An evening of theatre - BISAD, Abu Dhabi

"Grease" - what comes to mind? John Travolta and his killer dancing? Olivia Newton John as a young actress making the role of Sandy her own? The songs? The late 70s and early 80s? Whatever it is, "Grease" is one of the last great musical treats to emerge in the last 30 odd years. So, when my daughter excitedly announced that she had tickets for a production of  "Grease"at her school, I was naturally thrilled. BISAD, or  The British International School of Abu Dhabi (that's a mouthful, now try saying it backwards) was to be the setting for 3 nights of this fantastic musical. Could they deliver a production that captured the joy and angst of youth, rebellion, young love, fun and the spirit of the original "Grease"?



I am very much a process or journey kind of person, and in the two and  a half years my daughter has been at the school, I have seen the school on a journey of progress. For want of a cliche, the school remains a work in progress. As I was greeted at the door of the hall, I could metaphorically and tangibly see that growth. Two years ago I attended "Bugsy' in the same venue. This time, seats were numbered and we were shown to our seats. Very slick. A harbinger of good things? After being seated my thoughts drifted to the teachers who were back stage running around getting everything perfect. Parents arrive at something like this - see the end result that lasts for 2 hours - but very few can appreciate the countless hours that went into this: the tantrums, the stress, the ebb and flow of staging a production like this.

The show started about 20 minutes later than advertised, but the wait was worth it. The live band, comprising of some teachers and students, hit the right notes. They were lively all night and had people clapping their hands to the music. Also, their use of music during the scene changes meant that the transition from one scene to another seemed to go even quicker than they were. Here it should be noted too that the scene changes were effortless and smooth, largely due to a fabulous crew lead superbly by Mr Stewart. Not a glamorous task, but no one will deny the paramount role played by him and his team.

The cast, a cross section of the school, was wonderful. The Pink Ladies and T Birds were ably played by the enthusiastic young ones and successfully brought the required elements of 'cool' to their roles.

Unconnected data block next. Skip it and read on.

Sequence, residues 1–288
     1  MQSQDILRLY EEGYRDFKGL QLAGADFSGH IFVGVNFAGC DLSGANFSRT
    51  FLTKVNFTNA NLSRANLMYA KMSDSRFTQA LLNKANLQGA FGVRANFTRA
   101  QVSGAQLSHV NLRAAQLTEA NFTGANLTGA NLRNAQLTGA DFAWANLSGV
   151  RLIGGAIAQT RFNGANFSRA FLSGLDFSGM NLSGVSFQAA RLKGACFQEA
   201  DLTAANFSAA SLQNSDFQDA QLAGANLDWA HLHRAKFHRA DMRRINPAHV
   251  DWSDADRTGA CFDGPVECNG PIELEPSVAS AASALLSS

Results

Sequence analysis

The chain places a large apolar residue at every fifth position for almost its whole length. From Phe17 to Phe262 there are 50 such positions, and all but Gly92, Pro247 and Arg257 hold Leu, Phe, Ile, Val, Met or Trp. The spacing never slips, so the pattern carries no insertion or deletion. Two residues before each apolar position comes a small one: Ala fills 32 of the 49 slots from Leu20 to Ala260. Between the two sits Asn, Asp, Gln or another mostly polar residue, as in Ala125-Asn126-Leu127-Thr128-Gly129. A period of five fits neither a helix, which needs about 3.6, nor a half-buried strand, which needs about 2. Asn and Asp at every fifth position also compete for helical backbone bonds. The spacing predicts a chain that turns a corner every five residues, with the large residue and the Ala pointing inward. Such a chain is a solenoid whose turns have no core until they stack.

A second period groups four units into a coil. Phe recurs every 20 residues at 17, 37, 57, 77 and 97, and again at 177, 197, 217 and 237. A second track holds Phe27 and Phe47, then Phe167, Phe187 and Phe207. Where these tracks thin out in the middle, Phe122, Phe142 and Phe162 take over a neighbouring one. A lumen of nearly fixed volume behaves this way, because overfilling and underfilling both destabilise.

There were other numerous highlights: Two unforgettable cameos by Jamie Elder as Johnny Casino and of course the irrepressible Jaiden Matharu, who was simply a joy as Vince Fontaine. However, I think the audience would be unanimous in applauding the staff who did the 'Beauty School dropout' piece. Forget the technical side of what they did - students love to see their teachers on the stage. It casts them, pun intended, as human beings who laugh, cry, sing and  dance.

While it was a good all-round cast performance with Frank Fonseca's Danny evoking a lovely sense of Mr. Hip and Popular, the stand-out performance was undoubtedly Gabrielle Faure's Sandy. She oozed a natural confidence and her assured eye contact with the audience spoke of someone whose gifts should be nurtured by the school.  Furthermore, she was able to hit those high notes beautifully. Gabrielle showed what musicals are really about: the singing. Her parents must be proud!


I commend the relatively bold choice of "Grease". They managed to retain the romance, innuendo of teenage love but also remain culturally sensitive; a difficult balance indeed. It is a pity that the people who assess schools and pass judgement on them were not there. If they were,  they would have realized that they need to privilege the role of the Arts in a school a lot more - the way BISAD seems to be doing. They need to see the real learning that has taken place as these students sacrificed so much time for a greater cause. I am not sure which subject would have taught them that!

Finally, moments like tonight are about the students, young and old. This is about real education. As we walked out I told my daughter that years from now these kids will not reflect on how light bends or how to add and subtract - they will look back at nights like these and dwell on them and smile.

I read somewhere once that education is what you have left when the facts are forgotten. This would be the legacy of the teachers, especially the director, Heather Fox and Ms Kate Rochell, the musical director. However, if tonight was about the students, it was also about the teachers. It was a night when teachers could proudly tell people why they are teachers - it is summed up best in the words often attributed to Ralph Waldo Emerson, which I paraphrase here:  To know one life breathes easier because you have lived, that is success. Tonight the teachers involved with the students tasted success.

Note: The dullness and lack of colour is due to sensitivity around pictures.






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